In 2013, Fresno Unified’s highest-poverty elementary schools performed in the bottom 30 percent of all schools in California. Students’ average proficiency in math and ELA lagged behind more affluent schools in the district and the state—but teachers didn’t have enough time or support to catch their students up.
District leaders leveraged an infusion of state funding to add intervention time for students and professional learning time for teachers. The district worked hard to align everyone—teachers, principals, and the central office—on how more time for learning could translate into improved instruction.
Five years later, the same group of elementary schools has improved performance among low-income students at nearly double the rate of other elementary schools in the district! One-third of these schools now meet or exceed the district’s average performance in math—and together, their progress far outpaces average progress statewide.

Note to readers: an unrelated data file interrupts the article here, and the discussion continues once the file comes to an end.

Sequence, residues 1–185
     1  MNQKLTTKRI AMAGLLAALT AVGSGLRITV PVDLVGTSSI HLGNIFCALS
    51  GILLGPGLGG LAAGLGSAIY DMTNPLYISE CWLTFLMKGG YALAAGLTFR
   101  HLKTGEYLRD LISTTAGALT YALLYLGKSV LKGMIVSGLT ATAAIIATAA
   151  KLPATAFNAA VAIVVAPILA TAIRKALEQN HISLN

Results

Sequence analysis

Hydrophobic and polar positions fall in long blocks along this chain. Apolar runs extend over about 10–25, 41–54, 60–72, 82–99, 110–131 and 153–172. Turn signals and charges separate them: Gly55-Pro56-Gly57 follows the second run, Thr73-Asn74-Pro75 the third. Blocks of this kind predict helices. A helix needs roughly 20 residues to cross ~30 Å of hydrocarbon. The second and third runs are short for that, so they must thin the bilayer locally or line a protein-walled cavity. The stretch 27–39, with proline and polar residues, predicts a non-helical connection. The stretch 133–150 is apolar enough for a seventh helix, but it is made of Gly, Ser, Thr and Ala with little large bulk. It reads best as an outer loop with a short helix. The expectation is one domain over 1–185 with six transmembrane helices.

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School districts across the country struggle with systemic challenges, such as increasingly rigorous academic standards, more varied student needs, and persistent achievement gaps. The Districts at Work series of case studies shares specific examples from districts that are taking a new approach to these types of systemic challenges—and seeing exciting results.
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